Effective Date: May 20, 2019
Federal Register Vol. 84, No. 97, page 22924
Policy Interpretation Ruling
SSR 19-2p: Titles II and XVI: Evaluating Cases Involving Obesity
This Social Security Ruling (SSR) rescinds and replaces SSR 02-1p; Titles II and XVI: Evaluation of Obesity.
Purpose: This SSR provides guidance on how we establish that a person has a medically determinable impairment (MDI) of obesity and how we evaluate obesity in disability claims under Titles II and XVI of the Social Security Act (Act). 
Citations (Authority): Sections 216(i), 223(d), 223(f), 1614(a), and 1614(c) of the Act, as amended; Regulations No. 4, subpart P, sections 404.1502, 404.1509, 404.1512, 404.1513, 404.1520, 404.1521-404.1523, 404.1525, 404.1526, 404.1529, 404.1545, 404.1546, 404.1560-404.1569a, 404.1594 and appendices 1 and 2; Regulations No. 16, subpart I, sections 416.902, 416.909, 416.912, 416.913, 416.920, 416.921-416.923, 416.924, 416.924a, 416.925, 416.926, 416.926a, 416.929, 416.945, 416.946, 416.960-416.969a, 416.987, 416.994, and 416.994a.
Obesity, when established by objective medical evidence (signs, laboratory findings, or both) from an acceptable medical source (AMS), is an MDI. We provide guidance in this SSR on how we establish that a person has an MDI of obesity, and how we evaluate obesity in disability claims. People with obesity have a higher risk for other impairments, and the effects of obesity combined with other impairments can be greater than the effects of each of the impairments considered separately. Obesity is not a listed impairment; however, the functional limitations caused by the MDI of obesity, either alone or in combination with another impairment(s), may medically equal a listing. Obesity in combination with another impairment(s) may or may not increase the severity or functional limitations of the other impairment(s). We evaluate each case based on the information in the case record.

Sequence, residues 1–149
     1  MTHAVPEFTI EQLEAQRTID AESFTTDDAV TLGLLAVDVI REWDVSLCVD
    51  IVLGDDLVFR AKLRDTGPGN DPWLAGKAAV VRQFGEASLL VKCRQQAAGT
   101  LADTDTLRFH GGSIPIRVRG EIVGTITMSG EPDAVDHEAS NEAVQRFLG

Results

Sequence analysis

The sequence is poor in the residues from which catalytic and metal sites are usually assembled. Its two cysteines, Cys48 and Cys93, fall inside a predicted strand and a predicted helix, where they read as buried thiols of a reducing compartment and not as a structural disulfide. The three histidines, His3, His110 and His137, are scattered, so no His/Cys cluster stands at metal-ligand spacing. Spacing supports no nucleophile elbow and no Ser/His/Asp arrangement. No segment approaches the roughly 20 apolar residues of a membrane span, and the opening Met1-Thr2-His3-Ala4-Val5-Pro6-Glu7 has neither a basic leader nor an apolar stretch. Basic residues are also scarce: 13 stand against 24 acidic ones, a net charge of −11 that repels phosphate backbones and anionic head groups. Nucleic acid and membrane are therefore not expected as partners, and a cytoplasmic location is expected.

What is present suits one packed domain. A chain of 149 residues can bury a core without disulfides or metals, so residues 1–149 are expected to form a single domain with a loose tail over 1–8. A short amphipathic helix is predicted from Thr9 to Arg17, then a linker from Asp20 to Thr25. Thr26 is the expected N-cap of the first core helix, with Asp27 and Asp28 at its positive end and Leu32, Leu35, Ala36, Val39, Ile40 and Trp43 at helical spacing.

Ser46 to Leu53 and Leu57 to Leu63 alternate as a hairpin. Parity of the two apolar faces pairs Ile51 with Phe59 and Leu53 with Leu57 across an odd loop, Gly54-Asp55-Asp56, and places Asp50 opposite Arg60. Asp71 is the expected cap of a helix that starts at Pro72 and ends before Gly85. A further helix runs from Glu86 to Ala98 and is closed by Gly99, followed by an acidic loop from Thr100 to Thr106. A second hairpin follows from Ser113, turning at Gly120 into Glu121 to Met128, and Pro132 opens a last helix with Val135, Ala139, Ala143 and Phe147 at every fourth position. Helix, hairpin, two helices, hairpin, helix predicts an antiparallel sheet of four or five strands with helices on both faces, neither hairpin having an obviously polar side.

On September 12, 2002, we published SSR 02-1p (67 FR 57859) to provide guidance on the evaluation of obesity in disability claims. Since then, we published several final rules that revise some of the criteria we use to evaluate disability claims under Titles II and XVI of the Act. We are issuing this SSR to reflect the changes to the rules we have published, and advances in medical knowledge, since publication of SSR 02-1p.
The following information is in a question and answer format that provides guidance on how we establish that a person has an MDI of obesity and how we evaluate obesity in disability claims. Questions 1 and 2 provide basic background information about obesity and impairments associated with obesity. Questions 3 and 4 discuss how we establish obesity as an MDI and how we determine if it is a severe MDI. Questions 5 and 6 specify how we evaluate obesity under the Listing of Impairments (listings),  and how we consider obesity when assessing a person’s residual functional capacity (RFC).
List of Questions
1. How does the medical community diagnose obesity?
Obesity is a complex disorder characterized by an excessive amount of body fat, and is generally the result of many factors including environment, family history and genetics, metabolism, and behavior. Health care practitioners diagnose obesity based on a person’s medical history, physical examinations, and body mass index (BMI). For adults, BMI is a person’s weight in kilograms divided by the square of his or her height in meters (kg/m2). People with obesity weigh more than what is considered the healthy weight for their height. In the medical community, obesity is defined as a BMI of 30.0 or higher.   No specific weight or BMI establishes obesity as a severe impairment within the disability program. For how we establish obesity as an MDI, see Question 3. For when we consider obesity to be a severe impairment, see Question 4.